Jones College Prep
Jones College Prep is the most diverse selective enrollment high school in the Chicago Public Schools, attracting high-achieving students from across the city. To gain admission, applicants must meet a minimum threshold on the state-administered test and then pass an entrance exam. Recently, slots have been set aside as part of a provision of the No Child Left Behind Act to allow high-achieving students from failing schools to compete for admission. Jones students have received National Merit, National Achievement and National Hispanic Award Programs recognition and have been named Gates Millennium Scholars, Talent Search Winners, Illinois State Scholars and Presidential Scholars in the Arts. The school has received the Illinois Spotlight Award, a designation of Academic Excellence, and it has been named a National Service Learning Leader School and Model Character Education School. It has also received the Siemens Award for Advanced Placement in Math and Science. One hundred percent of JCP students in the classes of 2009 and 2010 were accepted by colleges, and these students received more than $15 million in scholarships.
The school was designated a National Blue Ribbon School in 2006, ranked in the “Top 100 High Schools” by U.S. News & World Report in 2010 and also named one of “America’s Best High Schools” for three consecutive years by U.S. News. The Oppenheimer Family Foundation has awarded JCP numerous Teacher Initiative Grants for creative instruction initiatives.
Since 1998, college preparedness has been JCP’s main focus. The school has integrated core academic disciplines with art and technology, collaborated with businesses and universities and taken advantage of resources in its vibrant community. The high school partners with universities and businesses including the University of Chicago, the Illinois Institute of Technology and Northwestern University.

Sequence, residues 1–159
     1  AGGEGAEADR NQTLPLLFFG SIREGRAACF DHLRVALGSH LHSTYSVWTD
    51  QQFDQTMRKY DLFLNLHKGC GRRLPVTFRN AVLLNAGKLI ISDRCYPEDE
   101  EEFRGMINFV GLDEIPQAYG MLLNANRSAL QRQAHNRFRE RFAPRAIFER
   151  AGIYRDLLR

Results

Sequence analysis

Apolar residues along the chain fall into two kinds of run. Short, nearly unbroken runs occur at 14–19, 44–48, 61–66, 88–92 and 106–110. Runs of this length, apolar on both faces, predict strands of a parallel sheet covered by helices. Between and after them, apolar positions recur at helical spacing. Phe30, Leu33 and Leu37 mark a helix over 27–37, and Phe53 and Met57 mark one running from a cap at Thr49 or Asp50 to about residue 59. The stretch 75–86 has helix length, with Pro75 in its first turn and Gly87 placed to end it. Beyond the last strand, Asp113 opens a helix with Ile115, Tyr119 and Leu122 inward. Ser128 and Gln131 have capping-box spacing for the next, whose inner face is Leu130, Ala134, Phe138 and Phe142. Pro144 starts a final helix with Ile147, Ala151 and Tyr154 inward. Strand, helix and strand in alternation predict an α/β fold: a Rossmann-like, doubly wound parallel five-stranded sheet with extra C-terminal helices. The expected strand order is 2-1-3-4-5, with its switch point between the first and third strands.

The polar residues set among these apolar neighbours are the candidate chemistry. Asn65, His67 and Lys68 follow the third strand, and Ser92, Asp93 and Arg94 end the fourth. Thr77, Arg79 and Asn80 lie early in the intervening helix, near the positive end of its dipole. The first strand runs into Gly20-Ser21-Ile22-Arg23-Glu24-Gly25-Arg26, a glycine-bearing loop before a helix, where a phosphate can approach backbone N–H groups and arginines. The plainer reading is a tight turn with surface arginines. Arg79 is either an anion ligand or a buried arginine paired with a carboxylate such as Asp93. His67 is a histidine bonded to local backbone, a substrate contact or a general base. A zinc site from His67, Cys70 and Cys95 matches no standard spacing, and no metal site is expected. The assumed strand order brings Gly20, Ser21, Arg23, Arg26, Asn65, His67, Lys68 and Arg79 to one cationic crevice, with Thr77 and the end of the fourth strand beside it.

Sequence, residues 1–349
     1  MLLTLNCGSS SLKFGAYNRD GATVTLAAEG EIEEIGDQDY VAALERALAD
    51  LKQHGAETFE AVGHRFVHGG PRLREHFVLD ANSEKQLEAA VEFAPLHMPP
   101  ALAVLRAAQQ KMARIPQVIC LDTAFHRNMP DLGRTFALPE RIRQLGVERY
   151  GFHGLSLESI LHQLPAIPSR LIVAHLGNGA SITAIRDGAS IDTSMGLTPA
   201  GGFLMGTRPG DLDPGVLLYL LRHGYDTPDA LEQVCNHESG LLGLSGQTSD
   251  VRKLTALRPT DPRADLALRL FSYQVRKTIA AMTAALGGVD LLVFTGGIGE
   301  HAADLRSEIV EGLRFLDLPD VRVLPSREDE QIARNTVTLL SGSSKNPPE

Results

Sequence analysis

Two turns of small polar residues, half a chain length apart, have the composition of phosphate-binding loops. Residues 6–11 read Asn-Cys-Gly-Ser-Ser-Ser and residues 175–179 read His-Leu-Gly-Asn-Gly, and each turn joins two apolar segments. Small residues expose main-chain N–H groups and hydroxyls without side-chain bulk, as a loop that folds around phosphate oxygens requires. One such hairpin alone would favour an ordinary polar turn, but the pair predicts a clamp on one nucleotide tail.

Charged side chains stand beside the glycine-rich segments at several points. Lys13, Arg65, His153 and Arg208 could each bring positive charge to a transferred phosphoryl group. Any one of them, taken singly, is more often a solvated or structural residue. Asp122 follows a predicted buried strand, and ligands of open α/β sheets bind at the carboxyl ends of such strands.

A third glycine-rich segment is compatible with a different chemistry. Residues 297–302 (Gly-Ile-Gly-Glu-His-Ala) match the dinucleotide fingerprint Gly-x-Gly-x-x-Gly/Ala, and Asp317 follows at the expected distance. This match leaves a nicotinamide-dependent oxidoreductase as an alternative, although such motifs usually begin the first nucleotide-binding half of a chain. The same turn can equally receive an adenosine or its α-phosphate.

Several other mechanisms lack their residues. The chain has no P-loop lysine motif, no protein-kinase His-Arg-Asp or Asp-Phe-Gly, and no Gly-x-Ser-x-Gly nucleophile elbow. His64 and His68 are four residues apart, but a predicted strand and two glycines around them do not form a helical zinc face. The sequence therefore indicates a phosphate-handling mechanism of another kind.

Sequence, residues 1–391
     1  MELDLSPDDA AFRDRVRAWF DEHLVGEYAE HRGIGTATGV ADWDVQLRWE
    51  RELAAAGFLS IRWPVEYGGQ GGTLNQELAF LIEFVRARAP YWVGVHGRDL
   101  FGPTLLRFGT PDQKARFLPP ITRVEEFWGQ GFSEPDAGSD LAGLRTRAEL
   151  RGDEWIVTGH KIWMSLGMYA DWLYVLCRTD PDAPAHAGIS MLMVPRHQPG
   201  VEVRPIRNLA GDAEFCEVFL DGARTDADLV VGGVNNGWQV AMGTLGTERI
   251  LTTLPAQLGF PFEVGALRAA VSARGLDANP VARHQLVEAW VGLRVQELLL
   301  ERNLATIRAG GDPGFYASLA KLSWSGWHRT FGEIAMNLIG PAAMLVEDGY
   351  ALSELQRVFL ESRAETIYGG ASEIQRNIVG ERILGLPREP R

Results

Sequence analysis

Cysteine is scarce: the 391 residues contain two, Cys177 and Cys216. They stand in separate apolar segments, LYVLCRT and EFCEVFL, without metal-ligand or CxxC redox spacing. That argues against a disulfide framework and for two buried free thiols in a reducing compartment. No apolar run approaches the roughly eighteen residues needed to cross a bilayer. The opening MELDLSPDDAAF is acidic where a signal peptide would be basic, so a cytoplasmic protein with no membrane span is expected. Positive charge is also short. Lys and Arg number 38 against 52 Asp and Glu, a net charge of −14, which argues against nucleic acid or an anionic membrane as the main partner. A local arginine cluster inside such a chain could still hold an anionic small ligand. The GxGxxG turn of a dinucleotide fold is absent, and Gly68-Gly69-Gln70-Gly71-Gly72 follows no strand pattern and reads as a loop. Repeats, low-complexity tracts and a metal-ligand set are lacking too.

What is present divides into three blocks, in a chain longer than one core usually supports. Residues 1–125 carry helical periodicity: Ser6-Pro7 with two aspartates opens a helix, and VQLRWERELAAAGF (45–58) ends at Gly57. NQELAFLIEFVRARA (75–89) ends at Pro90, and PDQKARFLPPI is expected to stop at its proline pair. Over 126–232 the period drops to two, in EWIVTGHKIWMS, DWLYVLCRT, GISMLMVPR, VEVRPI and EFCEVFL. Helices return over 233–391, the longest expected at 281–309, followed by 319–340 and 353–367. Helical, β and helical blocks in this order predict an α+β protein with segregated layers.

Teachers possess a clear vision for students. In 2006, the American School Board Journal noted that when former principal Donald Fraynd first arrived at the school in 2002, he asked teachers to describe the ideal high school graduate. Based on their answers, the school compiled “The Profile of the Ideal Graduate,” a comprehensive list of traits and skills graduating seniors should have along with their diplomas. The list calls for socially skilled and mature, compassionate, socially just and responsible, well-rounded, and holistic and intellectually competent graduates. Teachers, administrators and staff refer to this profile in making decisions about curriculum, instruction, activities and programming.1
JCP’s special education department does a terrific job catering to the needs of individual students. The department’s Low Incidence Program meets students’ academic needs and improves their interpersonal skills. And through the department’s Resource Program, special education teachers provide small-group or individualized instruction and meet with students’ general education teachers to chart a successful future for all students.
Extracurricular activities abound at Jones: The school offers more than 35 clubs and organizations. Its Gay-Straight Alliance had more than 100 members in 2008 when the club gained notice for contesting the city's lack of resources and supports for gay youth. At least one Jones student headed up a “green prom” initiative, suggesting the school rent floral arrangements, send paperless invitations and have girls wear dresses made from organic materials. The Rube Goldberg club competes against other area schools to design machines to accomplish certain tasks in a challenge sponsored by Argonne National Laboratory. One recent competition involved designing a contraption to replace a conventional incandescent light bulb with a more energy-efficient bulb. The hitch was that teams had to incorporate at least 20 steps into the process.
Changes are in store for JCP. A new $111 million, eight-story facility has been approved to be built just south of the school’s current site. The new facility will expand the school’s capacity, allowing for the admission of 900 selective-enrollment students and an additional 300 neighborhood students from the surrounding community. The additional space means that more students can take advantage of the top-notch programs offered at this model school.
¹National School Boards Association. “The Ideal High School Graduate.” American School Board Journal. June 2006.
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